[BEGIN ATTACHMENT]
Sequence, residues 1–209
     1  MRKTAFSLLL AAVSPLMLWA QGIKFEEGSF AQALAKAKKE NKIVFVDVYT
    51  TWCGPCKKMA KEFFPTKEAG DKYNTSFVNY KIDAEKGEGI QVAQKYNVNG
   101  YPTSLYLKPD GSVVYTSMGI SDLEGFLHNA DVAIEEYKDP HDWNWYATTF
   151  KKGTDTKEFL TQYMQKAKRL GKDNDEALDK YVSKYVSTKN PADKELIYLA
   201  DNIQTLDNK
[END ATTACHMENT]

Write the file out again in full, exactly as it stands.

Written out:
Sequence, residues 1–209
     1  MRKTAFSLLL AAVSPLMLWA QGIKFEEGSF AQALAKAKKE NKIVFVDVYT
    51  TWCGPCKKMA KEFFPTKEAG DKYNTSFVNY KIDAEKGEGI QVAQKYNVNG
   101  YPTSLYLKPD GSVVYTSMGI SDLEGFLHNA DVAIEEYKDP HDWNWYATTF
   151  KKGTDTKEFL TQYMQKAKRL GKDNDEALDK YVSKYVSTKN PADKELIYLA
   201  DNIQTLDNK